Written by Katharine Lang — Fact checked by Ferdinand Lali, Ph.D.
Scientists have considered many drugs, but few have realized any early promise. Even molnupiravir, hailed by many as a COVID-19 game-changer, does not seem to be living up to the hype. In clinical trials, the real-world efficacy in preventing severe COVID-19 symptoms is significantly lower than initial trials suggested.
Monoclonal antibodies have some clinical benefits in preventing severe COVID-19 symptoms, but healthcare professionals have to administer them intravenously. In severely ill patients on ventilators, dexamethasone, an oral steroid, can reduce deaths from COVID-19 by up to a third.
So the search is still on for effective oral treatments that can prevent or minimize symptoms. Many researchers are testing licensed drugs that they might be able to repurpose to treat or prevent COVID-19.
Now, a Danish laboratory study has published results suggesting that atovaquone has a protective effect against coronavirus in human lung cells. Atovaquone is part of the antimalarial Malarone, which doctors have used for the treatment and prevention of malaria since 1999.
Speaking to Medical News Today, Dr. William Schaffner, a professor of infectious diseases at the Vanderbilt University Medical Center, Nashville, TN, welcomed the study: “Everybody’s excited when a drug that’s been in use before [looks promising in the laboratory] because obviously, we have a great deal of clinical experience to back it up. It’s already licensed. But now we have to see if it really does work in people. That’s a giant step.”
However, Dr. Schaffner urged caution: “Of course, it’s a laboratory study. Which means it is provocative but early. I hate to put it in the same category, but [I] was just thinking of another study that looked good in the lab but fizzled — the hydroxychloroquine study.”
Researchers instigated the study following anecdotal evidence from Canada that people taking Malarone appeared to have some resistance to COVID-19. Either they were not contracting the virus, or the symptoms were not severe if they did.
Researchers have investigated the antiviral potential of atovaquone previously. A 2019 study showed that it inhibited the reproduction of the Zika virus in vitro. In this study, researchers suggested that atovaquone was inhibiting RNA replication, thus preventing the virus from reproducing.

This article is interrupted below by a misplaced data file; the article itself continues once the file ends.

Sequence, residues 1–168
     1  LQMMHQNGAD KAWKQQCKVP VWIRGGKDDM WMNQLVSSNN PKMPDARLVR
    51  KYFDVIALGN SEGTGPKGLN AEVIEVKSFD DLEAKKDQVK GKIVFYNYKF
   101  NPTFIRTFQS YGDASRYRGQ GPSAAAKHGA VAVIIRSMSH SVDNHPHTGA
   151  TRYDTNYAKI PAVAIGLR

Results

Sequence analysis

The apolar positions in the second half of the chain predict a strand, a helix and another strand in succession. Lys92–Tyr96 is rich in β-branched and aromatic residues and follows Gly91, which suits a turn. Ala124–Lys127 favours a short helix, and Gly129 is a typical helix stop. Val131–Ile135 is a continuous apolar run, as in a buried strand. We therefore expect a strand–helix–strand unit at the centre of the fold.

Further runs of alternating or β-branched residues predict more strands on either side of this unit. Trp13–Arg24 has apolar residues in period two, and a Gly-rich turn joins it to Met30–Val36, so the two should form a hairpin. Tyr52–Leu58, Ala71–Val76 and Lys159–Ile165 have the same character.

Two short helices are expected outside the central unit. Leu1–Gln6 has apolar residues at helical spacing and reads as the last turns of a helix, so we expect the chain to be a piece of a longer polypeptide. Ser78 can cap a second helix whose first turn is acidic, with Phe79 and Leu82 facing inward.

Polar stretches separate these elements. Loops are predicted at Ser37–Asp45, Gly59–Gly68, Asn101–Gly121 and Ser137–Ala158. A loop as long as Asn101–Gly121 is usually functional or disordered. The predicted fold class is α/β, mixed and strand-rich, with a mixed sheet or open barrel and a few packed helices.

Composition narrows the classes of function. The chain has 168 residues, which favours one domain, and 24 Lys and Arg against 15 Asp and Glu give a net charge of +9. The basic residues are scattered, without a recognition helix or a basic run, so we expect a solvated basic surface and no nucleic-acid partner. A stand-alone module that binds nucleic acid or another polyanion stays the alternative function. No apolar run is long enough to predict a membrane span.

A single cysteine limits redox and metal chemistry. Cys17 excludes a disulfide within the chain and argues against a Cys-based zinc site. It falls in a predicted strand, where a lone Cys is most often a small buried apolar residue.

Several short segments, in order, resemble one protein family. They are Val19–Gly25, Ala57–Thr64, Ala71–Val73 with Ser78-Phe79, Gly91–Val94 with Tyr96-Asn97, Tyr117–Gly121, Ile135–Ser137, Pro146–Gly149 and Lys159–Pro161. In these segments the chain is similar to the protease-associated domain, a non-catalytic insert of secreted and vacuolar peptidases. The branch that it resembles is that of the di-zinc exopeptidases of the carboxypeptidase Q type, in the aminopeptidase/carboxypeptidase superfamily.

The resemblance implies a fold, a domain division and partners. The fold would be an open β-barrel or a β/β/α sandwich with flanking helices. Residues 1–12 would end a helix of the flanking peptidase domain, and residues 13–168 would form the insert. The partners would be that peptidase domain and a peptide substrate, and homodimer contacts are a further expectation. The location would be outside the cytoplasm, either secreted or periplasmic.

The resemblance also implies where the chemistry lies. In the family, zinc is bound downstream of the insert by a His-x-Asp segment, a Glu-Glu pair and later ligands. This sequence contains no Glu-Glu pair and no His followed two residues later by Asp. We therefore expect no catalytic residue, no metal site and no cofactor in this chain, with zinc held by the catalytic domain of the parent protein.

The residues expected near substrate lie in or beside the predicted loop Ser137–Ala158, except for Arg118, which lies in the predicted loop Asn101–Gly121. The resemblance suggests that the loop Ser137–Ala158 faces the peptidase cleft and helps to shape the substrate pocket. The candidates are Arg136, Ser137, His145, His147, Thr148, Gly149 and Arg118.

The researchers posited several possible mechanisms for atovaquone’s observed effect on SARS-CoV-2. They suggest that it may inhibit viral replication, prevent binding of the spike protein to the ACE2 receptors, and prevent the expression of inflammatory markers.
“I don’t want to criticize the study, but I’m not convinced it’s an enormous step forward. I’d like to be proved wrong. I’d like the clinical data to come up that it really does something.” Dr. Jonathan Stoye, a virologist at the Francis Crick Institute in London, United Kingdom, told MNT.
He added: “[What is c]oncerning in this most recent study is that it didn’t come up with one mechanism. It sort of suggests there’s a bit of this and a bit of that and a bit of something else. I don’t find that very persuasive.”
Two small clinical trials of atovaquone are already underway. One, a stage 2 trial in Texas, finished in January this year, but the results were not publicized. This raises questions for Dr. Stoye: “I would like to see some data from this clinical trial. I just wonder what it actually showed. You would have thought that if it showed something, we would have heard of it.”
Whether researchers are planning larger clinical trials is unknown. As Dr. Schaffner commented: “Leaping to a clinical trial is a very, very large investment. You have to be very convinced that something is going to work.”
“I have reservations about the importance of this study. That’s my bottom line.”
– Dr. Jonathan Stoye
Atovaquone may have potential, but more evidence is needed. The hunt for effective COVID-19 treatments continues.